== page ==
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Are you a "gypsy" or a "sedentary" ?

post #1 of 7
Thread Starter 

Time and again I ask myself this same question...

Let me explain, since starting to ski, a loong time ago, for day trips, me and my family have always roamed the various ski resort of the Italian Alps (and places in Switzerland like the Engadin Valley) that could be reached with a 2-3 hrs travel (either bus or car)

This allowed us to get to know different resorts and see lots of places. And, to some extent, was keeping "boredom" away.

But this had a series of drawbacks, amongst which our knowledge of the areas was limited to, forcefully if we were skiing "alone" (e.g. without mountain guides), to the signed trails and to a little bit of sidecountry. The other is that we were compelled to leave our village early and come back late, and this in turn meant for the major part day trips only (with the occasional week end and the traditional weekly skiing holyday, in mid winter).

Not only, another aspect that we were missing was what I would call "socialize", that is, get to know locals and become one.

an aspect not to underrate...


On the other hand, choosing to go to ski (and maybe rent a flat for the season or buy it) year after year, season after season, to the same mountain was allowing to expand from the marked trails to the whole mountain, get to know other people, and thus more opportunities. But it could become boring, after a while, or not?


In late years, while still a bit of a gypsy, I've chosen to go to ski for the most part to the same mountain, and so it has happened that now I can recognize who is local at that mountain, and who's not.

I have started to expand ,as said, from "marked" trails mostly, to "whole mountain" (whenever possible), this also thanks to the friends I've made there.


So, when you think of it, who are you? A "gypsy", or a sedentary? Of course no one is completely one or the other...

Which other aspect of this have you thought of?



post #2 of 7

Ah, the nomadic life. Up at dawn, consulting trail maps on the lift, booting up in the parking lot. I miss it. I do. Seriously. I'm too soft and rooted to do it now, though.

post #3 of 7



I love exploring diffferent mountains.  Even when I was a ski bum I would ski the other areas in the region on my days off.  Of course I also love getting to know a mountain well, finding and exploiting the secret staches and tree runs...the hidden traverse that takes you to an unskied line... 


I try to ski at least 1 new mountan every season and there are certain mountains that I go back to time and time again.

post #4 of 7

I'm mostly sedentary, but not by choice.  Two problems arise for me, one is that I don't have a bunch of cash that would enable me to go on week long or longer trips, and the other is a schedule that keeps me close to home.  I buy two season passes and spend the lion's share of my time at those two ski areas with a short trip or two to resorts in the local region.  I don't seem to get bored, though.  I have no complaints.

post #5 of 7

I have moved to Tahoe, I was 54 when I did. I am here and go nowhere else to ski. I like knowing people. I enjoy knowing the mountain. The mountain is so big, complex, and challenging that in skiing here over 40 years, I have not skied every line yet, not even close, so no boredom. The mountain has every exposure to ski, so as the weather changes, the runs change.


Live at a very large mountain is the compromise between skier modes you define; the mountain is always new, never dull, you are always growing and being challenged.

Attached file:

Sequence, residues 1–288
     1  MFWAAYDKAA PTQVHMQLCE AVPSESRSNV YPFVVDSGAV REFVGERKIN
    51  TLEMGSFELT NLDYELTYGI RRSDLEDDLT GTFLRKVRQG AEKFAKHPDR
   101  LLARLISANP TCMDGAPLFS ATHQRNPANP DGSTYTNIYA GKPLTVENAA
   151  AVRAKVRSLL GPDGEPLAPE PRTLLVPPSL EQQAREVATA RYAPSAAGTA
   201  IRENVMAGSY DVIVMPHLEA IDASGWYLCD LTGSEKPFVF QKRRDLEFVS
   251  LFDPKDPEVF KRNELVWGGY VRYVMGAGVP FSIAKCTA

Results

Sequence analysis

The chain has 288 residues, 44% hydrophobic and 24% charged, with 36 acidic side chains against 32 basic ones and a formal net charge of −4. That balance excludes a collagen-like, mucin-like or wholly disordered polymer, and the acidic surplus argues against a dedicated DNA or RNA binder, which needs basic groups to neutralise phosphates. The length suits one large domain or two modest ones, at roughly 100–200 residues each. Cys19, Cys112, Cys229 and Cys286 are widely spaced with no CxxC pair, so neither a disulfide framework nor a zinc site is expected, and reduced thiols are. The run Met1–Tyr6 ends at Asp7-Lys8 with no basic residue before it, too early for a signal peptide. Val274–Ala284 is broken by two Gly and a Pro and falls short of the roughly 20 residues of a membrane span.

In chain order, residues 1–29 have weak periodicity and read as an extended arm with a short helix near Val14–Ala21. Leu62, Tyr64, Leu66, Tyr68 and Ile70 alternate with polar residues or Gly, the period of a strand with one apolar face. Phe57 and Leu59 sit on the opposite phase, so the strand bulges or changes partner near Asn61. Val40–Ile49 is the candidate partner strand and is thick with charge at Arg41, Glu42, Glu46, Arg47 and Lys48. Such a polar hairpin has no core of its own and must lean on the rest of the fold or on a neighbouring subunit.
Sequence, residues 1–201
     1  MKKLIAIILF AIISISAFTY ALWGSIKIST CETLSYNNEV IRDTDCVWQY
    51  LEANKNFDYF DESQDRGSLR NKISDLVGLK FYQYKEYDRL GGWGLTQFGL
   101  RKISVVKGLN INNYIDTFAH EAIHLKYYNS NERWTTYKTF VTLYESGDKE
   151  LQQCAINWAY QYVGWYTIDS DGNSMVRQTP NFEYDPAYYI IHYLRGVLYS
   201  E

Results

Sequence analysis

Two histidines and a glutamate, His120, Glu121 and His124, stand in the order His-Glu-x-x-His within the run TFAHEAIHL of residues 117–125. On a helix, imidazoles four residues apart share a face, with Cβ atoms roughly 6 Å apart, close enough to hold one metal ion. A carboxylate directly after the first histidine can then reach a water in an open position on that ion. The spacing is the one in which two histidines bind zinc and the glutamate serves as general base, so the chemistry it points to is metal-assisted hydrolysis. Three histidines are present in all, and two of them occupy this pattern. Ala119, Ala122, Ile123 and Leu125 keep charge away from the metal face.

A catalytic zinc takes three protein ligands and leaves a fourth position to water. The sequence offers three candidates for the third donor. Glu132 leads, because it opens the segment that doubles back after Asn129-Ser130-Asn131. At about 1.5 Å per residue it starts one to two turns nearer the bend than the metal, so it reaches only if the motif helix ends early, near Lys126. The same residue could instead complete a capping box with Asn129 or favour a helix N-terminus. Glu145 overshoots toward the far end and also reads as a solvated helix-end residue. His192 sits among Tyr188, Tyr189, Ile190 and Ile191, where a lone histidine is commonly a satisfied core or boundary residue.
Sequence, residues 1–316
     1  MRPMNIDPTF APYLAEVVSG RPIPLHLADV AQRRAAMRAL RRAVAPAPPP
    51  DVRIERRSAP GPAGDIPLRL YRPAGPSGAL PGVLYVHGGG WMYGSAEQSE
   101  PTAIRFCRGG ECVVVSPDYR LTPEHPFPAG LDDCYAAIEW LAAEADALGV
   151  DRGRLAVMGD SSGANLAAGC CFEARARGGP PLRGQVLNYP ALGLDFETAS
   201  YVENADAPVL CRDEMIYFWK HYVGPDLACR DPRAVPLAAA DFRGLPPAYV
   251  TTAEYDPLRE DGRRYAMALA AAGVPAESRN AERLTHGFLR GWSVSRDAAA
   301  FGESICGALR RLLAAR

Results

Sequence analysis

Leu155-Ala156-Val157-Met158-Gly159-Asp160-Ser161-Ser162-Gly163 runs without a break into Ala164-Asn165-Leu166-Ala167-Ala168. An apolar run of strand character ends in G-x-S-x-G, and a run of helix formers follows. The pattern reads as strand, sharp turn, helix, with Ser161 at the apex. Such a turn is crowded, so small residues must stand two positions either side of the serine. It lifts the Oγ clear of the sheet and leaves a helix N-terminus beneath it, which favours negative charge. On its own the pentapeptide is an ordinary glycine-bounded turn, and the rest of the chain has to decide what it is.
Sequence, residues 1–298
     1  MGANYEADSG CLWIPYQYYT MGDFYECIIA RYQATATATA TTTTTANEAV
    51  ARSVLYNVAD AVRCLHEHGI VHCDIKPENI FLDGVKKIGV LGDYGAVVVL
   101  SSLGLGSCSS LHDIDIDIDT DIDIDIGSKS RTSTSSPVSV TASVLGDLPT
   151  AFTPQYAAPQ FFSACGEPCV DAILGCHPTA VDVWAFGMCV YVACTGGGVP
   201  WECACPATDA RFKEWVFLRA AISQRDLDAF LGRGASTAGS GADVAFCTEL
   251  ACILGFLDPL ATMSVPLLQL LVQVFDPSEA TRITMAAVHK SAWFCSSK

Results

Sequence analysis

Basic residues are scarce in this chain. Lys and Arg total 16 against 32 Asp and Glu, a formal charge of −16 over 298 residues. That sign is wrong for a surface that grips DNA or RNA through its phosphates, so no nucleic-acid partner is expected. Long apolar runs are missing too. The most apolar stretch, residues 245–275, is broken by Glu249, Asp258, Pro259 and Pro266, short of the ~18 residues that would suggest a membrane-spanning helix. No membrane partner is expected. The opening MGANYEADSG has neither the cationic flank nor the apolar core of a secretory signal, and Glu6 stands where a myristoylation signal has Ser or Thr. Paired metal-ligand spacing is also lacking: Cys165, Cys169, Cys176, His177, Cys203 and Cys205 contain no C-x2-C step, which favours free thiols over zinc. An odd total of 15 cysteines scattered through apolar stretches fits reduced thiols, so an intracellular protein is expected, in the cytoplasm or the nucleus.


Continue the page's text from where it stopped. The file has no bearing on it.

And as my story goes, the mountain saved my life, so I'm loyal to the end.

post #6 of 7

Interesting topic.


I'm fortunate to be in a position where I've been a fairly widely traveled gypsy in recent years. There are some downsides to that mode of operation and not just the expense.  Since January 2008 I have skied at ~34 different ski areas in the US and Canada.  It's been fun, but a number of the places I skied were for just one day.  Some of the ski areas were so large and so good it was an absolute sin to visit them for only one day.  I definitely enjoy skiing a large, new place for at least two consecutive days to get more enjoyment out of the layout and maximize time on slope. Family members have accompanied me on many of the ski outings affording a nice overview of different ski areas for possibly longer returns in the future.


When I was a teenager and young adult I enjoyed the "sedentary" mode and skied frequently and almost exclusively at one ski area for more than a decade.  I had a season pass and access to my parents vacation cabin at Blue Knob, PA.  Even though it's relatively small  and in a less favorable geographic location I did not get bored there.  I loved that mode and have always aspired to something similar at a larger mountain when I retire in three or four years.


Latest example of skiing nomad mode:  http://www.dcski.com/ubbthreads33/ubbthreads.php?ubb=showflat&Number=61449

post #7 of 7

I'm definitely a gypsi, though that's largely because I'm not a dedicated skier. ;-) But a "tourist on ski" rather. :(


To me, skiing is a "mode of travel", to see sights I otherwise don't get to see from a car or in the summer. So that neccesitate I go to different places after a while. The changing of the light and the condition can keep my interest only for so long before I have to move on. That, is also a bit of my life. I do get bored no matter how good anything is.


Granted, it gets tiresome with too much traveling. So I try to balance between going some place new vs going some place I'm familiar with but not bored with. My solution for the most part is not go to the same place too often to be completely familiar with it. That keeps it fresh, yet not alien.

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